This powerful, complex novel masquerades as a queer romance, but has much more going on under the surface. In The Henna Wars, Jaigirdar seamlessly weaves Bengali culture, immigration's impact on Nishat's family, racism, homophobia (within Nishat's Muslim faith and at her Catholic school), cultural pride, and self-acceptance into typical teen life. Nishat is a worthy role model -- she knows she deserves to be accepted and loved for who she is (lesbian, Bengali, Muslim). Scenes between Nishat and her unwaveringly supportive sister, Priti, are among the most compelling: They fight, make up, and love each other fiercely.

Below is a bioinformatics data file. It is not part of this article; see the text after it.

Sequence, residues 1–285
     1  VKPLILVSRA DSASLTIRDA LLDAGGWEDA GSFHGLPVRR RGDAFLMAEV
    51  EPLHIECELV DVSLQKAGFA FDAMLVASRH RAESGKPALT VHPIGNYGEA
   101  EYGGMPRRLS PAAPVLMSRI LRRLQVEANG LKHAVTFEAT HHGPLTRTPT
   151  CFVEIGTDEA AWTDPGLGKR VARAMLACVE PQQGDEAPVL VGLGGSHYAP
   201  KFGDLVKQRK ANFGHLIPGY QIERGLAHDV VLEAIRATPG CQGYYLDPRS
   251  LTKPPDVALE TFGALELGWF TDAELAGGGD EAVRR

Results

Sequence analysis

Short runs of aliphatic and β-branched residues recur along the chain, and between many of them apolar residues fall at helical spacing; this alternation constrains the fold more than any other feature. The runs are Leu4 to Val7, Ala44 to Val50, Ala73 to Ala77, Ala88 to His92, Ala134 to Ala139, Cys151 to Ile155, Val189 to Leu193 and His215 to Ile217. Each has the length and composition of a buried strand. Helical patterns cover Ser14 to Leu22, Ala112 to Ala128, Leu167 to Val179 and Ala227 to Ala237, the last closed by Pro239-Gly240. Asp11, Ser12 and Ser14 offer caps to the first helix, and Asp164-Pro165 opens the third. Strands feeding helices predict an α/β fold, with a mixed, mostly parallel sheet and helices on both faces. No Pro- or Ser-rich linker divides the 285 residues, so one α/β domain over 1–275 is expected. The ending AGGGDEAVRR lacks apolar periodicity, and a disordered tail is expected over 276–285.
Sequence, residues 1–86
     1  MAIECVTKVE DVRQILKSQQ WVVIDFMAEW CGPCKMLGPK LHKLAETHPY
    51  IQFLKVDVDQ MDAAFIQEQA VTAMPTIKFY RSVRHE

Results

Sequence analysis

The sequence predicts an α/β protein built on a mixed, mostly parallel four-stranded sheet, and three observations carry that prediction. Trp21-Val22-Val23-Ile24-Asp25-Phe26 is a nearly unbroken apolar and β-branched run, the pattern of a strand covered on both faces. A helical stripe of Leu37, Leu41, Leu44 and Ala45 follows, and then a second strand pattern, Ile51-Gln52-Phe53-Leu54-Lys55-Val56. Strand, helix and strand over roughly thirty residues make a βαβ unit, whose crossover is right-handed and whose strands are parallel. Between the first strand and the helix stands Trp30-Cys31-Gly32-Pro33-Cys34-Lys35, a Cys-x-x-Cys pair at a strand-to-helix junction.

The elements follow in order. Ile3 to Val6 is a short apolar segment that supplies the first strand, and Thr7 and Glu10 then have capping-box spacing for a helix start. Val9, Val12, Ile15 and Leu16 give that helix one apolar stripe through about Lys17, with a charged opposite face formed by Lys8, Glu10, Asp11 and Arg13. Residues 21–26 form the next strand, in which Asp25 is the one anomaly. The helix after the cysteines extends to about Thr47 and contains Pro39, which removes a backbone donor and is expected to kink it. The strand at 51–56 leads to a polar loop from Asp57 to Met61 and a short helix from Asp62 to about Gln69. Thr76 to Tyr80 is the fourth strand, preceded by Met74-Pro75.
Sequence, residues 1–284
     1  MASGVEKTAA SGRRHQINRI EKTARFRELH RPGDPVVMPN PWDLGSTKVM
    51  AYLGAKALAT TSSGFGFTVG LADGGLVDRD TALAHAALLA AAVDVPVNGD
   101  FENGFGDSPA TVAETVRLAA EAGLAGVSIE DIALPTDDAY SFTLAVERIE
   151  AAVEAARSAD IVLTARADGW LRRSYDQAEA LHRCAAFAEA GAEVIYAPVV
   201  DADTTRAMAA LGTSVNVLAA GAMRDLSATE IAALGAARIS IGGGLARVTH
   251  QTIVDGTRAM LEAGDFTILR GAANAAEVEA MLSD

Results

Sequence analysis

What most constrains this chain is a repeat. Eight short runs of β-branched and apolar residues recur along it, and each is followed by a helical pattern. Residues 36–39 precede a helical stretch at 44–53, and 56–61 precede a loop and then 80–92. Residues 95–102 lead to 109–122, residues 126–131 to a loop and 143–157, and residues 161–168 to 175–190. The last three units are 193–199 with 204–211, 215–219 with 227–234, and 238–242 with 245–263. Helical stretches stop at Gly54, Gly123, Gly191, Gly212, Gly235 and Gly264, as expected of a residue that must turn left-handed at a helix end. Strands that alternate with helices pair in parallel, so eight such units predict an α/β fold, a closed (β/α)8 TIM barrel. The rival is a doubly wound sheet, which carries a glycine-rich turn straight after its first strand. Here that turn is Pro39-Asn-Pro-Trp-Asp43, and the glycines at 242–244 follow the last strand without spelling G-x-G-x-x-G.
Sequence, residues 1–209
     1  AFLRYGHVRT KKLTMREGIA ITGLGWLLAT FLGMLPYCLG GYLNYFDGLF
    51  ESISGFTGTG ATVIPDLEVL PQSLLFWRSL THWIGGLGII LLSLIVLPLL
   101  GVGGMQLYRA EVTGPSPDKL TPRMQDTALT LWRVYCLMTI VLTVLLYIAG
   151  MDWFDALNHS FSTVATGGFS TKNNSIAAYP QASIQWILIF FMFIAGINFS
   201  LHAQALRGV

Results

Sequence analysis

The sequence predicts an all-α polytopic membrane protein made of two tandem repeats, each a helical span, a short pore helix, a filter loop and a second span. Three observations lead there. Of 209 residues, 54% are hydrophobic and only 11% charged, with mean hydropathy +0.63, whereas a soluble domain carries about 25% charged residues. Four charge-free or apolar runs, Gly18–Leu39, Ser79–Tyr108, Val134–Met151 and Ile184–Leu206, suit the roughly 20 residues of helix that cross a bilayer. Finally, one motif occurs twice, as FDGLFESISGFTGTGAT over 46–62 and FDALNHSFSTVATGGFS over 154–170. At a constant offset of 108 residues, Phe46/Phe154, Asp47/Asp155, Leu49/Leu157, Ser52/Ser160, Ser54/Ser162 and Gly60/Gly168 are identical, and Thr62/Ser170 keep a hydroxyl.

Love interest Flávia is less rooted in her Brazilian heritage than Nishat is as a Bengali, and she is also less confident than Nishat in being out about her sexuality. These are very real and very relatable ways that girls of color might navigate the waters of race, ethnicity, and queer love, although some readers may be disappointed that Nishat and Flávia's attraction feels more sweet than passionate. Even so, the typical romcom conclusion feels well-earned by strong young women who had to grow from their mistakes and overcome many obstacles.